DC's Greatest Imaginary Stories Ever Told is a great idea for a trade. I have no idea if it will have any appeal to anyone other than those who appreciate the goofier aspects of the Silver Age at DC, but I'll probably pick up a copy.
I'll be picking up Justice for Pete, as it is his sort of thing, and he liked Earth X from the same creative team. But I'm wondering did the world really need a grim updating of the Legion of Doom? Is Alex Ross determined to reimagine every single cartoon he ever watched as a kid into a more "adult" version just because it suits his sensibilities?
The unappealing Poser-esque covers continue on JLA: Classified. It's too bad they couldn't get Guice to do the covers. Meanwhile, in JSA: Classified, it looks as if Power Girl's origin may tie-in to the Legion of Super-Heroes in some way. Because tying her into any incarnation of the Legion is the most sensible way to streamline her backstory
Over in Seven Soldiers land, Shining Knight concludes, and Klarion makes it to New York. That Klarion cover is great, the use of the fish-eye effect really drives home the disorientation of Klarion.
Solo #6 features the art of Jordi Bernet, who I'm not familiar with at all. None of the writers are anyone whose work has really stood out for me in the past, either. I suppose I'll give it a shot, but the girlie shot on the cover doesn't instill me with much confidence.
Rob Liefeld is drawing the Teen Titans. At least it's a story about Hawk and Dove, giving the enterprise an appropriately nostalgic edge.
Wonder Woman #220 has a bondage cover. Trust me, that'll make it sell for some people.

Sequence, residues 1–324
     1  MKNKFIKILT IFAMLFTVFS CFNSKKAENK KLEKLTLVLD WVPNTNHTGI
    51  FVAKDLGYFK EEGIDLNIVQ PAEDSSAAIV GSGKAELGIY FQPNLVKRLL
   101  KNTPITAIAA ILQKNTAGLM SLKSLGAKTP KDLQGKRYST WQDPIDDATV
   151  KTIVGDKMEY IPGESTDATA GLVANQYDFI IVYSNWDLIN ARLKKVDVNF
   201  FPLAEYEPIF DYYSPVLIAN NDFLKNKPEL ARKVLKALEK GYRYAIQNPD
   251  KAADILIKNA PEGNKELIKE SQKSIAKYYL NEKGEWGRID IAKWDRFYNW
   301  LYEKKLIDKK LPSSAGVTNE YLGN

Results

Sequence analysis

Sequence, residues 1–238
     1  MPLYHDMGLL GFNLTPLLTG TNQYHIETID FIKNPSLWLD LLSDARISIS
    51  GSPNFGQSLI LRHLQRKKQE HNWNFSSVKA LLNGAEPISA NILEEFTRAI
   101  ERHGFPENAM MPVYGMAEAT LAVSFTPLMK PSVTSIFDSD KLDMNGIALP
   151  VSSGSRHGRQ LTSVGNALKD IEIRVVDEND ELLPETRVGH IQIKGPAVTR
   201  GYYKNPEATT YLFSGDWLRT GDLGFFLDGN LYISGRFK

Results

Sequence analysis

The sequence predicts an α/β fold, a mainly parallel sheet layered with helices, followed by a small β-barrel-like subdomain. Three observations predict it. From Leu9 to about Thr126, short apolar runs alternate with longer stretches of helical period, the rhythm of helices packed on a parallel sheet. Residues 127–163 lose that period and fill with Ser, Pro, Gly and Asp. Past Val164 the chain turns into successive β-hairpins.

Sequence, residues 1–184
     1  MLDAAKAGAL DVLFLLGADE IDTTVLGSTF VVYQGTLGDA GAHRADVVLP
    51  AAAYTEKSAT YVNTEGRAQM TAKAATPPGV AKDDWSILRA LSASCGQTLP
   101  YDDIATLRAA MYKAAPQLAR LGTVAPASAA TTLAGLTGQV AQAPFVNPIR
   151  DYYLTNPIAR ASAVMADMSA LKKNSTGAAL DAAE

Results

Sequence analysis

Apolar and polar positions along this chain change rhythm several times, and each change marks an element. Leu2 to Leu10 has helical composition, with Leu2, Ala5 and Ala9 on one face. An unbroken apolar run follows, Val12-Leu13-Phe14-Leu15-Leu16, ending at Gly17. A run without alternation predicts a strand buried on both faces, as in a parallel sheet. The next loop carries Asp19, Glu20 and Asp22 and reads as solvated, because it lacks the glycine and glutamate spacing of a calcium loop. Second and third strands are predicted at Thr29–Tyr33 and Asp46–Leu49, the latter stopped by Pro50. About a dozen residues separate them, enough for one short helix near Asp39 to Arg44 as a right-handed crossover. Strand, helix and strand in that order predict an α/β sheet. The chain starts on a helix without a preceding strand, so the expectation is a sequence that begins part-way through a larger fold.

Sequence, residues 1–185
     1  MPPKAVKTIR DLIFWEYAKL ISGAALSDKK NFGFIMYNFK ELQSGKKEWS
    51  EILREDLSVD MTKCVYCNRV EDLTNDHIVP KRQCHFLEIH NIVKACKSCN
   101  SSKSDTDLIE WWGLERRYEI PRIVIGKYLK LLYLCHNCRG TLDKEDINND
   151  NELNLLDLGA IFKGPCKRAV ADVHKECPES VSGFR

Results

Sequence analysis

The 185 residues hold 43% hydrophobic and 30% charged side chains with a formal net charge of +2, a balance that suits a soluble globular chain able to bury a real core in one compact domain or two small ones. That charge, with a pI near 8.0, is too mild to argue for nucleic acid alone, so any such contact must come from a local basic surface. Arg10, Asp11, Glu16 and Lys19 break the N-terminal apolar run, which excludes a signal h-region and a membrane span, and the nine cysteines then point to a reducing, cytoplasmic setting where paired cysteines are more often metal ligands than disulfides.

I'm sort of starting to think that DC wanted to stake out the "mature readers" manga territory with their CMX line. Tesotarotho looks to be a fairly uninspired violent fan-service title. And while Planet Ladder did nothing for me, we had a strong following for it at the store, and so Young Magician should do well for us. Plus, that's a very pretty cover.
I think I may be the only person digging Musashi #9.
Ordering big on Wildsiderz will probably be a no-brainer for us, as Campbell has a strong following at our store, and there's been a lot of anticipation for new work for him, even from the people who find the concept of the new series a little goofy and would rather he just go back to Danger Girl.
The final Maxx trade is released, and it's a good thing too, as just recently have we started to see interest in the books. Prior to the last few months, when people would come in looking for Sam Kieth stuff they'd turn their nose up at Maxx I know, I don't get it either, the only explanation I can think of is they already have it. That, or the usual excuse I get, which is "but Wolverine isn't in this."
Im not familiar with Paul DiFillipo's work as a novelist, but I can't imagine he'd be too bad a fit for Top Ten, especially with Jerry Ordway on art.
For those who still care, the Adversary is finally revealed in Fables #40. And over in Y: The Last Man, we finally find out what's been up with Beth. And from the tone of the solicitation, am I supposed to think that Pia Guerra is no longer the regular artist on the title?
A hardcover edition of V for Vendetta is scheduled, along with the Absolute edition of Watchmen. To wring the last possible dime out of Alan Moore completeists I'd guess, as well as ride the hoped for movie gravy-train.
Some sick part of me is actually kind of wanting the newest DC Direct action figure sets. At least some of them. Dan Brereton inspired Batman and Batgirl figures sound really good to me. And I can't say I ever expected to get a Red Hood action figure. The method of "unmasking" Superman is kind of goofily fun as well. Heck, even the second set of Batman and Batgirl figures look kind of cool, in a nerdy sort of way.